The baby boomers started to reach retirement age so that in the end of the decade, the working age population turned to gradual decline.
New history of Oras gives also an interesting window to labor relations in different times. According to the history also the management says that it has made some misjudgments. Early retirement schemes were not successful, because a lot of silent senior knowledge left the company.
Relations with the unions have mostly worked but there have also been occasional tensions between the employer and the trade union. In the 1970’s, one reason was internal political struggle within the union.
I am happy to see here Keijo Huunonen and Esko Sillanpää whom I learned to know well also from the book. Recently the company has responded to the aging problem and the looming shortage of work force with its own way. Oras has created a program that aims to support the work ability and transfer of skills from senior workers to younger cohorts. Interesting and positive innovations, not always without problems.
Thus, in 2014, the average retirement age in Oras was over 63 years, which is two years more than the national average.
The way forward?
The global economic outlook is challenging. According to the IMF outlook from two weeks ago, the recovery of the world economy continues, but it is happening slowly. In the short term, the decline in the price of oil, along with the adjustment of exchange rates are boosting the recovery.
The emerging economies grow slower this year than in the last year. Russia is falling and also Brazil has difficulties. China continues to grow, but not as fast as before. India is keeping the pace, because it is benefiting from lower oil prices and its population growth.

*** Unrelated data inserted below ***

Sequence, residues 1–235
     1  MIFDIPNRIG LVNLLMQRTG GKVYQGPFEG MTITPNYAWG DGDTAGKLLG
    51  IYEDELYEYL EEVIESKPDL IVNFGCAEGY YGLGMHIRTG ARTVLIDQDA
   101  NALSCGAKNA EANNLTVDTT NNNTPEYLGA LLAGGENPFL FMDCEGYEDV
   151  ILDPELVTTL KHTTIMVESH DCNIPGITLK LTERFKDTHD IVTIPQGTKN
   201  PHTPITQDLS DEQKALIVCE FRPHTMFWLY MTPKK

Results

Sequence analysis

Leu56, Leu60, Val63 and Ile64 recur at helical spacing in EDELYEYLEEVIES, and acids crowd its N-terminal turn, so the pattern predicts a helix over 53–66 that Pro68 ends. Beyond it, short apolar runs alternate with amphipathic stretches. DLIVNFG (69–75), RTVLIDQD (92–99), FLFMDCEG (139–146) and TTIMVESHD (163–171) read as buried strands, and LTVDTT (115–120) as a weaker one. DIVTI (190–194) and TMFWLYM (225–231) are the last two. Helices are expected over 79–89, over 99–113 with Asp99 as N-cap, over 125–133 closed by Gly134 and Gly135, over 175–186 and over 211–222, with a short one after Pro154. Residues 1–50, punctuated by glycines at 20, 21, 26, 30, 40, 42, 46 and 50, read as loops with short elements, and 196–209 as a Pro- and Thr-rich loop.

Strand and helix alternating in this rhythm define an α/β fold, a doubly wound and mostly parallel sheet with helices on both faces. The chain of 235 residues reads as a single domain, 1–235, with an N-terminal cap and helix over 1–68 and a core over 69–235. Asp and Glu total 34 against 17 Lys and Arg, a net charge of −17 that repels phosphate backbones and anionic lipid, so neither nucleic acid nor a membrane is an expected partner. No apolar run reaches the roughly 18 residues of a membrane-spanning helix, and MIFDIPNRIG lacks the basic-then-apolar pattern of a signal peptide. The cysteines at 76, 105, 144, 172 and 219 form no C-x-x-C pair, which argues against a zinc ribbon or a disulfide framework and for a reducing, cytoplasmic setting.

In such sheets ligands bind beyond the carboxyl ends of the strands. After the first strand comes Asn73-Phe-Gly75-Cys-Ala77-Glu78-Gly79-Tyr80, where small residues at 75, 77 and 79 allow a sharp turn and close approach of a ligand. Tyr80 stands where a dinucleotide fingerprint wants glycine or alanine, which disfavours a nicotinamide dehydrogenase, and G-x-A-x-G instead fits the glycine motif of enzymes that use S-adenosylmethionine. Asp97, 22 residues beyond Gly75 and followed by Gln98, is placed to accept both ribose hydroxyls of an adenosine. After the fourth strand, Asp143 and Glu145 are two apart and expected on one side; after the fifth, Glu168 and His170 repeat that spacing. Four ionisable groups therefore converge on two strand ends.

USA grows, in spite of recent signs of softness. Euro area is improving, too. The lower oil prices and ECB’s monetary policy, along with the exchange rate movements, support growth. Also fiscal consolidation has proceeded and is not the same sort of drag in the future as before.
The question today is: Will Finland be able to benefit from the recovery of euro area?
We are facing four major challenges.
1. The economic crisis has hit us hard, but it is was not the financial crisis. Our banks and financial markets have continued to function properly. Instead, our economy has entered a phase of major structural change, due to the recent fall in the share of the ICT sector and the decreasing consumption of certain important categories of paper.
2. Finland has lost part of its competitiveness since 2007. Our unit labor costs have grown more than 10 % higher than those of our competitors.
3. Retirement of baby boomers means that our labor force is shrinking 0.5 % a year for still one decade ahead.
4. Due to the fall of the GDP, our public sector is bigger than our national economy can well finance in the medium and long term.
And in addition to this, a geopolitical crisis has taken a toll of our growth.
What can we do? What do we have to do?
In June 2011 I invited with Timo Kalli, the chairman of the Parliamentary Supervisory Council two businessmen and a new M.P. who was a former businessman to Bank of Finland to discuss the economic situation. One of the businessmen was Jari Paasikivi from Oras, who is having its 70th anniversary today and the new M.P. was Juha Sipilä, who forming a new government today. The agenda has developed but not fundamentally changed.
We have three major tasks.
1. We need to restore cost competitiveness of our economy. This is the pre-condition to create growth and jobs. Social partners.
2. We need to make structural reforms to promote growth and improve possibilities to create jobs. Here the new government needs to move fast with decisions and their implementation.
3. We need to consolidate our public finances. We cannot move a growing debt burden to our children and grand-children.
Here we need a strong government and functioning relations between social partners.
Today I want to congratulate Oras for its 70-year history. I want to extend my congratulations to all in the company, the employees, the management, and the owners. The success has required major efforts for a long time from all of them. Thank you!